Harrison breaking from the pack.

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The moment that
stuck out for me last night as we recorded the latest edition of Rangers
Podcast in Arlington was when our guest Eric Nadel recounted something Fergie
Jenkins told him in Pompano Beach in 1979, Nadel’s first spring with the
Rangers.  It went something like this: “All
this stuff you’re seeing in these spring training games?  Ignore it. 
It’s spring training.”

 

It’s good advice, but when the results belong to players clearly
competing for a job, they probably can’t be discounted completely. 

 

In other words, when you view the work put in so far by Matt
Harrison (outstanding), Brandon McCarthy (inconsistent), and Derek Holland
(sputtering), the three primary candidates for the number five spot in the rotation,
it’s hard not to view Harrison as the leader at this point.  There’s nearly a month to go, and things can
change, but Harrison is off to an encouraging start.

 

And this isn’t just about a couple innings of work.  Harrison came to camp 30 pounds more fit, fully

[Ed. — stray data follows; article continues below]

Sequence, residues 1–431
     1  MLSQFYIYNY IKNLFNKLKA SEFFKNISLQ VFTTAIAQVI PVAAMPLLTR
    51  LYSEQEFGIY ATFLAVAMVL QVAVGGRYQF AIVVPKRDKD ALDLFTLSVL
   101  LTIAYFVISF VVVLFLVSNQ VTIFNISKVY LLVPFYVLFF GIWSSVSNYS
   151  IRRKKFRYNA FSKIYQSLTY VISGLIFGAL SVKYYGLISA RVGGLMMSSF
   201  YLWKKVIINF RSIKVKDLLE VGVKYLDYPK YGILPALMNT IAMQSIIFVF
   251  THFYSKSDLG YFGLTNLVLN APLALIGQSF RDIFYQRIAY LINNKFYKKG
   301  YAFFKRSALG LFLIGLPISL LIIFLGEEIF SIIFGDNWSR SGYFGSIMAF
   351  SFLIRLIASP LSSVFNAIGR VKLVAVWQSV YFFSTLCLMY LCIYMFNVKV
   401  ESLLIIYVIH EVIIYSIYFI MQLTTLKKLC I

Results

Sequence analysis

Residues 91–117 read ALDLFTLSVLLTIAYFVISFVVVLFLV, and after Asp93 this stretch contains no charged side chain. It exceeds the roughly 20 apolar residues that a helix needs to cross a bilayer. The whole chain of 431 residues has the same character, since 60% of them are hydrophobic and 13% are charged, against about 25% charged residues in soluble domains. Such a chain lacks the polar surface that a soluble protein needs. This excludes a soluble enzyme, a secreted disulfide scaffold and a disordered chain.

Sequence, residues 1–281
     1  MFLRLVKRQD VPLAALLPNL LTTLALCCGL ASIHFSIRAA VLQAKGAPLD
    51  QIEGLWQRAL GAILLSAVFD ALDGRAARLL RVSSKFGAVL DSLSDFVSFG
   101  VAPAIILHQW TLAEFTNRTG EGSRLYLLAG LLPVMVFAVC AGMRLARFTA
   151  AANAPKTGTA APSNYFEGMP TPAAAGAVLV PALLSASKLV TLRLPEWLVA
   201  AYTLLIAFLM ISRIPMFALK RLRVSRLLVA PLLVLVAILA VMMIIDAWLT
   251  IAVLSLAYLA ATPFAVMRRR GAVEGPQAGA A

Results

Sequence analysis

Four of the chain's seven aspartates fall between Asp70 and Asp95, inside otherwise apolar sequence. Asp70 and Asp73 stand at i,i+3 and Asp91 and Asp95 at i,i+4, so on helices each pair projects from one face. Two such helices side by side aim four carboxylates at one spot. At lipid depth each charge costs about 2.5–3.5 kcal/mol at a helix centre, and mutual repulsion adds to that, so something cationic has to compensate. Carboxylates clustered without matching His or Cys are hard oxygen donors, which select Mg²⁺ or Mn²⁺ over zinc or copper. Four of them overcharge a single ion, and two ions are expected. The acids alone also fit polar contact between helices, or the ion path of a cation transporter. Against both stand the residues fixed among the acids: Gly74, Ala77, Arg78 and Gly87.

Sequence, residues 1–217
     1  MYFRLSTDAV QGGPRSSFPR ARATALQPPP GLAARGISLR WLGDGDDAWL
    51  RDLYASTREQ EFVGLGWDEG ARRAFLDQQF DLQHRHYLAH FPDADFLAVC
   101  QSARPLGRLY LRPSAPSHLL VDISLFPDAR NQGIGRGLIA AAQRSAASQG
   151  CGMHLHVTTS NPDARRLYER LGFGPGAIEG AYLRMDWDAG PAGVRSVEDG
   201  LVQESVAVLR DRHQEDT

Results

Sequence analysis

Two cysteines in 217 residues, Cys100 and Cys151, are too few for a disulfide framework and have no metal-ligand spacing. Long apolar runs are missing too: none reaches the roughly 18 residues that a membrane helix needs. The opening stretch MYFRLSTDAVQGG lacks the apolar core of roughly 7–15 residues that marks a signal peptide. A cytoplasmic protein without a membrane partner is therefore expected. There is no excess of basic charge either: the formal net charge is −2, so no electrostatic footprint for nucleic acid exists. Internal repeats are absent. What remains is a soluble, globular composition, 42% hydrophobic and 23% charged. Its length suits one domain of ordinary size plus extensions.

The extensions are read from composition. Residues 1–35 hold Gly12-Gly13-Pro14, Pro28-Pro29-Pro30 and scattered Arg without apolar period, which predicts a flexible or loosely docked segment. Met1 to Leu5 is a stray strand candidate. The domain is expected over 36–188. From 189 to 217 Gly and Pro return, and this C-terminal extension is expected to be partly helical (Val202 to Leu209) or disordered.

recovered from thoracic outlet syndrome, toting an extra three ticks on the
radar gun (now touching 97).  As Nadel
points out in the Podcast, results aren’t as important in a competition like
this one as consistency, stuff, command, and efficiency, and right now Harrison
appears to be ahead of McCarthy and Holland in all four categories.

 

Josh Hamilton had two singles in three trips yesterday, his
first game action of camp, and made two uneventful plays in left field. 

 

Tanner Scheppers wowed onlookers on Thursday pumping upper-90s
heat in a swift, perfect seven-pitch inning against the Royals, keeping his power
curve in his pocket.  He unleashed the
curve in a “B” game yesterday, throwing three of them, all for strikes, two of
them going for strike three. 

 

The Scheppers fastball gets lots of attention (ranked by Baseball America
among the top five in minor league baseball), but
BA
also says that, in a system with a number of plus curves (Martin Perez, Danny
Gutierrez, Jake Brigham), it’s Scheppers whose bender is the best.

 

BA
also projects Scheppers to be the Rangers closer in 2013.  Don’t bet against him figuring in somewhere